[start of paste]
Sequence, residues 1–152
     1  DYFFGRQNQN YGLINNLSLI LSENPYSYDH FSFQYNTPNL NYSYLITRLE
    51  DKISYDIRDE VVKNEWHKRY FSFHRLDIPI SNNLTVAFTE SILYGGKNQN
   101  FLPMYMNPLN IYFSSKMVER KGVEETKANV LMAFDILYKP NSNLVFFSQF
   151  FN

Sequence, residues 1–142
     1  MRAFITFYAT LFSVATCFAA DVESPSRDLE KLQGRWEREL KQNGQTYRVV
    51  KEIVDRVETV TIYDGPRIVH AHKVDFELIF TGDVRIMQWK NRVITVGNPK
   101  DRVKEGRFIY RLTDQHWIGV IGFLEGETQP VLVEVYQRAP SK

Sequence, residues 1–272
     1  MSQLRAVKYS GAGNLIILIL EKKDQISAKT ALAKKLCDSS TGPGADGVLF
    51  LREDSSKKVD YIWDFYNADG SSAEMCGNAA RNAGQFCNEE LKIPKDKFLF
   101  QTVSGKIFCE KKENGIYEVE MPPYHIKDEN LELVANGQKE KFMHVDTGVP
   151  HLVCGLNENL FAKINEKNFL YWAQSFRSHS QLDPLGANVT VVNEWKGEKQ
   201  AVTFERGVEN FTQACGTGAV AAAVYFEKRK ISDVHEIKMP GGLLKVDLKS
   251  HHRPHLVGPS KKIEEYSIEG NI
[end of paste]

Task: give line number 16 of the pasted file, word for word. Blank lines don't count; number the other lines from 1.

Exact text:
   251  HHRPHLVGPS KKIEEYSIEG NI